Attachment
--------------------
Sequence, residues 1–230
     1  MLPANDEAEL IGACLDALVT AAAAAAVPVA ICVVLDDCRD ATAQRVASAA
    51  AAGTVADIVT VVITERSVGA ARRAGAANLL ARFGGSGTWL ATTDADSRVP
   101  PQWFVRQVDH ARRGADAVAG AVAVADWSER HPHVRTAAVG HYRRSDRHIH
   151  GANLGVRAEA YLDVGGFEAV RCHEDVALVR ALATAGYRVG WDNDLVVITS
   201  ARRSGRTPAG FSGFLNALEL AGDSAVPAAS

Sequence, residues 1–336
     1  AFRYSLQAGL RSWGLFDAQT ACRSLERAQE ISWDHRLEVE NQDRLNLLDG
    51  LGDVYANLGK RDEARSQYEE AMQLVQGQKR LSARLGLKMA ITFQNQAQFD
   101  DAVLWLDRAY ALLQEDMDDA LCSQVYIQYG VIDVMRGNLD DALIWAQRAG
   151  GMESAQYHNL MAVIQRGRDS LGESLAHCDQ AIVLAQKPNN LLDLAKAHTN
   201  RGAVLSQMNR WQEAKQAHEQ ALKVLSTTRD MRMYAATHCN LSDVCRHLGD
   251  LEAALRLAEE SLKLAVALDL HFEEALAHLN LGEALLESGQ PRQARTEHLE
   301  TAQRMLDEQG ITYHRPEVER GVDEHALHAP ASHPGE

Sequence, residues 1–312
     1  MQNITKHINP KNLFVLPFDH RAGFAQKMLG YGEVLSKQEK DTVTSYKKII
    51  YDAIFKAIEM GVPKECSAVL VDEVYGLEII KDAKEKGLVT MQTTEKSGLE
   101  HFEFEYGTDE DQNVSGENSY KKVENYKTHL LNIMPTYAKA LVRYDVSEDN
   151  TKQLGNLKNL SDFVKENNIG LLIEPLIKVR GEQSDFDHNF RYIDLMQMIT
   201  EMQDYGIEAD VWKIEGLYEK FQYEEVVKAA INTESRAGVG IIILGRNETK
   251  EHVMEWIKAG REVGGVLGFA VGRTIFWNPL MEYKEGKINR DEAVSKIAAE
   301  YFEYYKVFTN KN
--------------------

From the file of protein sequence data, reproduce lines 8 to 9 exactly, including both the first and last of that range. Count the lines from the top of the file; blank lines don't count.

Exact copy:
     1  AFRYSLQAGL RSWGLFDAQT ACRSLERAQE ISWDHRLEVE NQDRLNLLDG
    51  LGDVYANLGK RDEARSQYEE AMQLVQGQKR LSARLGLKMA ITFQNQAQFD